5. Valve Function in Circle Systems

The unidirectional valves in the inspiratory and expiratory limb of a breathing circle system prevent rebreathing. Inspection of the valve leaflets during ventilation ran detect some valve malfunc6ons. Difficult to see are malfunctions caused by a warped valve disc. Spirometry in the circle system helps monitor valve function. If the inspiratory valve becomes incompetent, some of the expired volume returns into the inspiratory limb of the breathing circle; the expired tidal volume, therefore, is reduced. A spirometer in the expired limb will help diagnose an incompetent inspiratory valve. When the expiratory valve malfunctions, gas flow in the expiratory limb becomes bi-directional; a bi-directional flow meter will reveal this evidence of an incompetent expiratory valve as reverse flow. Typical capnograms for valve malfunctions are shown in Figures 2 and 3.

6. Scavenger Connections

In older anesthesia machines, it was possible to connect mistakenly the scavenging system to the breathing circuit. With such misconnection, catastrophe will result because the patient cannot inhale or exhale. Sensing the pressure in the breathing circuit with monitors armed with appropriate low (subatmospheric) and high alarms and monitoring and expired tidal volume will help provide an early alert to this rare but very serious error.

Modem anesthesia machines are standardized so that all connections of the breathing circuit are either 15 mm or 22 mm and the scavenging fittings are 19 nun or a diameter index safety system (DISS). Accordingly, the dissimilarities of the fittings make incorrect connections much more difficult.

7. Diameter Index Safety System

In years gone by, it was possible to connect oxygen or nitrous oxide from the central supply to either the nitrous oxide or oxygen system of the anesthesia machine. Male/female connectors that are specific for each gas, the DISS, reduce the hazard of having nitrous oxide piped into the oxygen flow meter of the anesthesia machine. However, even this safeguard does not rule out the possibility of accidental crossing of gas pipelines, for instance during renovation or maintenance in the hospital in which gas pipelines must be manipulated. Therefore it is essential and now universally recognized that the oxygen concentration must be monitored in the breathing circuit of the patient, usually in the inspired side. With rapidly responding oxygen analyzers, both inspired and expired oxygen can be monitored.

8. The Pin Index Safety System

The pin index safety system is to gas cylinders what the diameter index safety system is to pipes carrying compressed gases. It assures that only an oxygen cylinder can be attached to the oxygen yoke, a nitrous oxide cylinder connected to the nitrous oxide yoke, and so on. This is accomplished by two pins on the anesthesia machine that match with holes on the cylinder. Unfortunately, when one pin falls out or when several washers instead of a single one are used, the pin index system can be defeated. Therefore, the oxygen monitor in the breathing system provides an essential backup safety feature.


Valves PEEP valves can be added to any machine utilizing 22 mm fittings. Some PEEP valves are unidirectional and therefore, when placed inappropriately in the inspiratory limb, can obstruct flow entirely. Several deaths have been linked to this. Monitoring pressure in the breathing system, monitoring expired tidal volume and the capnogram, and carefully observing the patient’s ventilation will help prevent the inappropriate placement of PEEP valves. Manufacturers have incorporated PEEP valves into modem anesthesia machines, thereby making it difficult to place them incorrectly. Note, however, that some of these integral PEEP valves can be hard to read and are easily accidentally left “on” from one patient to the next and this may be dangerous.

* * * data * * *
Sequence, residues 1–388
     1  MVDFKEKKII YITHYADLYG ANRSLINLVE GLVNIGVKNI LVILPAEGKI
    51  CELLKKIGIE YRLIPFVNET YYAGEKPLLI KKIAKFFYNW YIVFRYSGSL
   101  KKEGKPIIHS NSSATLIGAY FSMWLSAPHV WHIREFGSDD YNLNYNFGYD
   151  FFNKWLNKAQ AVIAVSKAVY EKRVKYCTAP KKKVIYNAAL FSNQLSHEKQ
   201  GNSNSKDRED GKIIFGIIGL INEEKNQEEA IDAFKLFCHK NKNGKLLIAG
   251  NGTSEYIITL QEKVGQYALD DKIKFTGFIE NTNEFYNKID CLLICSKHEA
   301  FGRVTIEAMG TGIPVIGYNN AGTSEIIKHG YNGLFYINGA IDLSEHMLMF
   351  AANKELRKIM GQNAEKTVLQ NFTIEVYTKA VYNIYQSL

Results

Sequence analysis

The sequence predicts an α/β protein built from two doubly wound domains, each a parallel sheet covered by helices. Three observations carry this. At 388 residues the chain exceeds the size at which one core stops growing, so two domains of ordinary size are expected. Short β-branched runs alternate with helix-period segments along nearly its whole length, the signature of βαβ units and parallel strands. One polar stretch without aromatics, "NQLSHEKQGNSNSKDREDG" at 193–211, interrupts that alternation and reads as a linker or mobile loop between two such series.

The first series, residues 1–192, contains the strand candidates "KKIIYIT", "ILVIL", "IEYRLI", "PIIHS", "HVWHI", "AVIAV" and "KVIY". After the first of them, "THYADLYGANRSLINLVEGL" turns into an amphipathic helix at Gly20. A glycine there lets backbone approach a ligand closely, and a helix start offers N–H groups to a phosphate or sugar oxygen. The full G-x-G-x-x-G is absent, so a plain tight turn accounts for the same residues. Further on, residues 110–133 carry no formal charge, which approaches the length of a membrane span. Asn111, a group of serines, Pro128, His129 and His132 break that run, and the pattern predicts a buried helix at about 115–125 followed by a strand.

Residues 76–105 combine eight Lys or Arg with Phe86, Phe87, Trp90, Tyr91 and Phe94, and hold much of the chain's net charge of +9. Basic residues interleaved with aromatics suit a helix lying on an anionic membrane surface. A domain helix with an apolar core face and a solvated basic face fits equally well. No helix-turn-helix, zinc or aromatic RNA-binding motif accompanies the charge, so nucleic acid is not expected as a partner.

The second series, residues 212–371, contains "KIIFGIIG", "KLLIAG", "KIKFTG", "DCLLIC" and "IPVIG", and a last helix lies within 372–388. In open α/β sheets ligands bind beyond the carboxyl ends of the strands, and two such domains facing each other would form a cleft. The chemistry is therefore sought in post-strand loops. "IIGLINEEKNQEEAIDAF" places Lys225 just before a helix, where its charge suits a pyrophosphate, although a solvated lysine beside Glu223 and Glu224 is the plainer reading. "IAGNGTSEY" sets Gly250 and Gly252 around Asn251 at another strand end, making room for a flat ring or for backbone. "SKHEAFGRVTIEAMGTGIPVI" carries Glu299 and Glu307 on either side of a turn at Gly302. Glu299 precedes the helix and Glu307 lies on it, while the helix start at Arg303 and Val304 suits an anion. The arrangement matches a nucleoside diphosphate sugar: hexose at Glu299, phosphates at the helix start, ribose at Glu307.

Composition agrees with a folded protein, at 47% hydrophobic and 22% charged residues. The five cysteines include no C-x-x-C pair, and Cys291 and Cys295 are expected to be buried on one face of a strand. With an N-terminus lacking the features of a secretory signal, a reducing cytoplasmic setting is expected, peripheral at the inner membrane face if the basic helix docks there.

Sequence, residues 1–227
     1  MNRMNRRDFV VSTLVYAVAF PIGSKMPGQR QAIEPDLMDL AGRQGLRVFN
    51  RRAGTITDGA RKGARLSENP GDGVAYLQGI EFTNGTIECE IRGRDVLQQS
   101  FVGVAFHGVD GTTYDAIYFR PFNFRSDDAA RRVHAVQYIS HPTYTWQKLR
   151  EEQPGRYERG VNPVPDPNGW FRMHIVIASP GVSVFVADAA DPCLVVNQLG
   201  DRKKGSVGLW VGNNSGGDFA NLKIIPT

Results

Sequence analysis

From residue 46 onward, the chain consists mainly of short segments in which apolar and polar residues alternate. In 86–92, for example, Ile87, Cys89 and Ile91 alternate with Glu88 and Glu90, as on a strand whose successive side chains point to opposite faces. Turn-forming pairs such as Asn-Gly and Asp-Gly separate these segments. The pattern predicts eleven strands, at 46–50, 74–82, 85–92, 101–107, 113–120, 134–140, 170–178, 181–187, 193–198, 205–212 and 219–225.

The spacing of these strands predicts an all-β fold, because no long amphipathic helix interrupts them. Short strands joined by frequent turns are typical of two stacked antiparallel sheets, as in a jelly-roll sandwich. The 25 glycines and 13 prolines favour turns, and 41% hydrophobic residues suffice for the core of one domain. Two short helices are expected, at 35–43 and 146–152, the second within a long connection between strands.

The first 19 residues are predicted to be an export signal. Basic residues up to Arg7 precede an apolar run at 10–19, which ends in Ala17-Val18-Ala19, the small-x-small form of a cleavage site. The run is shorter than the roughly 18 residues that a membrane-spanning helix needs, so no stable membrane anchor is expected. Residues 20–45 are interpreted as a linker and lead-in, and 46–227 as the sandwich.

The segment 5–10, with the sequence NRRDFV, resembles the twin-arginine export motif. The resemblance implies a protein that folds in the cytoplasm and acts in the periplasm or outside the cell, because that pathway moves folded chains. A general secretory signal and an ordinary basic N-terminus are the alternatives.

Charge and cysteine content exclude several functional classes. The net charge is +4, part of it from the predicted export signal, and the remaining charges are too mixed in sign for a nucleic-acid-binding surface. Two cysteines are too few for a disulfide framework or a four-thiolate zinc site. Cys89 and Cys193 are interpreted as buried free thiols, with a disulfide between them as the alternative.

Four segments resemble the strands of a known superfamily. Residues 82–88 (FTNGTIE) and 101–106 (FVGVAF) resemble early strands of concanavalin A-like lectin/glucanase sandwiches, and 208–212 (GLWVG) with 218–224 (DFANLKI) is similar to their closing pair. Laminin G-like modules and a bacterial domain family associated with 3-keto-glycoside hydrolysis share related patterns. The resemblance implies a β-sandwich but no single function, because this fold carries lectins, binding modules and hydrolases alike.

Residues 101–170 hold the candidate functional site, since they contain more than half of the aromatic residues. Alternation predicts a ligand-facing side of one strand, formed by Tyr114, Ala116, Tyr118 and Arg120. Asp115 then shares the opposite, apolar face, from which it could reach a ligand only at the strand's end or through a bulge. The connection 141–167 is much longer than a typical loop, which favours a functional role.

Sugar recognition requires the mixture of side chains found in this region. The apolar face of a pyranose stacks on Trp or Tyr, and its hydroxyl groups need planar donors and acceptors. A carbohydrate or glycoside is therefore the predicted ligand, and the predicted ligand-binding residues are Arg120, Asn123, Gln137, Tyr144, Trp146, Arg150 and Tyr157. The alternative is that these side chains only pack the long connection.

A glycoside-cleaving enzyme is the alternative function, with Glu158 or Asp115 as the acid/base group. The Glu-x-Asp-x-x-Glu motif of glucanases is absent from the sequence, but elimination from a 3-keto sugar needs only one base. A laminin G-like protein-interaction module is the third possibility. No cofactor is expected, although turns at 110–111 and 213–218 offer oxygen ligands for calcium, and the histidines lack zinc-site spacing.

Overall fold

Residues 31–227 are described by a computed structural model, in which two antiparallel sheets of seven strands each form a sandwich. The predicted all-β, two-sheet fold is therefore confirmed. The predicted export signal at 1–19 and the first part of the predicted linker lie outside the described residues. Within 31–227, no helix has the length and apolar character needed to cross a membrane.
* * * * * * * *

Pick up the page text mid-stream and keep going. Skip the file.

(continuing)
10. The C02 Absorber Bypass Switch

On older anesthesia machines, it was possible to bypass the carbon dioxide absorber in order to increase the patient’s alveolar PC02When the bypass was unintentially turned on, or when the clinician failed to turn it off, patients developed severe hypercarbia. Monitoring carbon dioxide in the breathing system will help to prevent this occurrence.

Modem anesthesia machines no longer carry a bypass switch for the carbon dioxide absorbent. Presented here are comments and suggestions regarding ten features of older anesthesia delivery systems. AN can he involved with inadequate ventilation under anesthesia. Attention to the points outlined here should help eliminate accidents associated with these older configurations.

Ms. Nichols is Chief Nurse Anesthetist, Department of Anesthesiology, University of Texas, Health Science Center at Houston.

Editor’s note: Letters to the editor on this topic of older anesthesia equipment are welcome and will be considered for publication in a future issue.


Figure 2: Capnograms with normal valve function (top) and with a detective inspiratory valve (middle and bottom). End-tidal values were increased in the latter two. In the middle panel the volume of gas deposited into the inspiratory hose during expiration was smaller than the next inspiratory volume. Therefore, the capnogram eventually reached the baseline. In the bottom figure, the inspired volume was not large enough to replace all carbon dioxide-containing expired gas, and the capnogram could not reach baseline. A sloping descending limb of the capnogram is typical for an incompetent inspiratory valve.

Figure 3: With an incompetent expiratory valve, endtidal values increase, and inspiratory values do not return to baseline. The same picture is seen when the carbon dioxide (CO2) absorber is exhausted. However, increasing fresh gas flow lowers both end-tidal and inspired values when the C02 absorber is exhausted, but not when the expiratory valve is incompetent,